And I was buzzed through one final door. Opening slowly. Slowly. And before me was the visiting room. Desks lined up. Almost like an old high school cafeteria. And quietly people talked at these desks. I was shown where to sit and wait. And there sat the person I’d come to see. Two rows from where I sat. The guard watching to room called me up and told me to go ahead and join the two people sitting at the very far end of the room.

“Hi Michael Alig, I am Jeremy Gloff.”

And we talked about the things we needed to talk about for that half hour. Face to face. Alig and Gloff. I knew Michael was someone I would be friends with, and someone I would meet. And I will think fondly of the things we talked about that afternoon, behind thick metal doors and barbed wire and up flights of musty stairs. And Michael had another visitor, a charming girl whose name escapes me as I wrote this. I remember what she wore. She was one of my people. I remember she loved My Chemical Romance. I am terrible with names… And although we all met at that very moment it was like we’d known each other for years. Just like I knew it would be. If you don’t know who Michael Alig is…the made a movie about him once…

And after a half hour I left. Hugs goodbye. To be continued. A few different people commented on my way out about how I went through a lot of effort to visit for a half hour. That is how Jeremy does things. It’s all about moments. And conversations. And memories.< P>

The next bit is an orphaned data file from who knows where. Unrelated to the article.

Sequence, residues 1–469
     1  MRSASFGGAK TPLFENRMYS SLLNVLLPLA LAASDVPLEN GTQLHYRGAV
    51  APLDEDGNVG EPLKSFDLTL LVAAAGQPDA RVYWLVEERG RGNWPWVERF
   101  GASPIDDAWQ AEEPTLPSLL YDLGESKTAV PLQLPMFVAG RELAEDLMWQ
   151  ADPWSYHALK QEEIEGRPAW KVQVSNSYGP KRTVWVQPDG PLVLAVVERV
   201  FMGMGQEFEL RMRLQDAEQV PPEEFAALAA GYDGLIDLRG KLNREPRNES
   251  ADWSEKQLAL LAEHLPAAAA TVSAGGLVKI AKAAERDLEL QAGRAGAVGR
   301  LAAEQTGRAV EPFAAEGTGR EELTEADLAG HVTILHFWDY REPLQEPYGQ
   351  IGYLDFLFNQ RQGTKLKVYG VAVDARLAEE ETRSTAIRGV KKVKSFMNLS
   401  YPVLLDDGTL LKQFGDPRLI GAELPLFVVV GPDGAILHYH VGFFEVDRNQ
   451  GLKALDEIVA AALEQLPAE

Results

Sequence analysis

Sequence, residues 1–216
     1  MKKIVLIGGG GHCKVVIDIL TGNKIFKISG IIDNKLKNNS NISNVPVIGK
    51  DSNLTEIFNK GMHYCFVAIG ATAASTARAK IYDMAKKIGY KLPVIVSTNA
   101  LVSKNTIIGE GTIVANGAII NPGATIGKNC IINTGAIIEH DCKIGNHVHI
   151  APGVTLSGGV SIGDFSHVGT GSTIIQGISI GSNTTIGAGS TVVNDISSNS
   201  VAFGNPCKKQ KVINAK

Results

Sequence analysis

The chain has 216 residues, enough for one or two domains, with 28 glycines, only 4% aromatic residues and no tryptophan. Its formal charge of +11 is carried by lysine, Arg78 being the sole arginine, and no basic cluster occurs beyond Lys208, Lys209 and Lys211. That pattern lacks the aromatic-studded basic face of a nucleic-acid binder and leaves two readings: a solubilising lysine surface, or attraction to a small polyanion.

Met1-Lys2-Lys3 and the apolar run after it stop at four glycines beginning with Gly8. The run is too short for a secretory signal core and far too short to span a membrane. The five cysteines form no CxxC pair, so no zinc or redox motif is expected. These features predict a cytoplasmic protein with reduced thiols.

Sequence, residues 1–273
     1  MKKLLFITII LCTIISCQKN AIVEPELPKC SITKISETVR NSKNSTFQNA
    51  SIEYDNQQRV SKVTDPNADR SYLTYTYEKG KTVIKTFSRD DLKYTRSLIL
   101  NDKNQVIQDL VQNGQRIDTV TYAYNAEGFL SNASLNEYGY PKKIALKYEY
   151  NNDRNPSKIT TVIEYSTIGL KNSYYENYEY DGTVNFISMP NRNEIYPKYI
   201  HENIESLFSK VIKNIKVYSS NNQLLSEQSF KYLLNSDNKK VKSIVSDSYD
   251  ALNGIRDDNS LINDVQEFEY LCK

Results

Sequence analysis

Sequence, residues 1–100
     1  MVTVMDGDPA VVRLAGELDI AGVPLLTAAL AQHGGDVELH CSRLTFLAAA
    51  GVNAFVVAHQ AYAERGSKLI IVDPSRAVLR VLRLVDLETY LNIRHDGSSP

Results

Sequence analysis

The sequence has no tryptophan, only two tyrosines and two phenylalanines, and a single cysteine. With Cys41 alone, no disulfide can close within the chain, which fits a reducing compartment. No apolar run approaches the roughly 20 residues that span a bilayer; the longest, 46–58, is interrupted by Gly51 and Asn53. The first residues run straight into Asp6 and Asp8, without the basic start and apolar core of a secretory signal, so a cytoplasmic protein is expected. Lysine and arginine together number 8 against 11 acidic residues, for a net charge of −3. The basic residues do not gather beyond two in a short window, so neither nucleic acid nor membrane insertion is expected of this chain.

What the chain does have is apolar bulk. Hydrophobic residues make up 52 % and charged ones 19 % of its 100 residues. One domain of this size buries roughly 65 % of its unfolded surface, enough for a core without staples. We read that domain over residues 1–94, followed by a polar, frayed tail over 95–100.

I walked down those stairs and looked at the towering looming scary old building one last time. I had a friend in that building. I hope he’s out soon.

I got gas and left Elmira New York. Michael laughed when I told him the timetable in which I hoped to get to New York. Well Jeremy if you drive really fast maybe…

And drive I did. Past hills that maybe were mountains. I don’t remember. I just remember emptiness and fatigue.

And somewhere along the way I stopped and rested. I pulled off into a beautiful rest area. Tall pine trees. A family picnic. There were photos, large photos, propped up and everyone was looking at them. I looked at their photos. I wondered what their lives were like. Everyone was smiling. Full of future and full of life.

My quarters clanked into the vending machine. Grandma’s cookies and a diet coke. And I sat at a picnic table and silently watched the cars speed down the highway. I wondered about the lives of the people in those cars. What they were running to. What they were running from. And I thought about what I was running to and running from.

I ate my cookie slowly. I read once more the newspaper article written about me in my hometown. I didn’t want this moment in this park to end. So peaceful to be surrounded by smiling strangers. Chewing my peanut butter cookie. I usually get chocolate chip.

And I drove again. Towards the huge city I knew very little about. I’d only been in New York City for a very very brief two hours. But I’d never driven in it. I was going to drive into New York City alone with my music and my ghosts. I was excited. And scared. And lonely as fuck.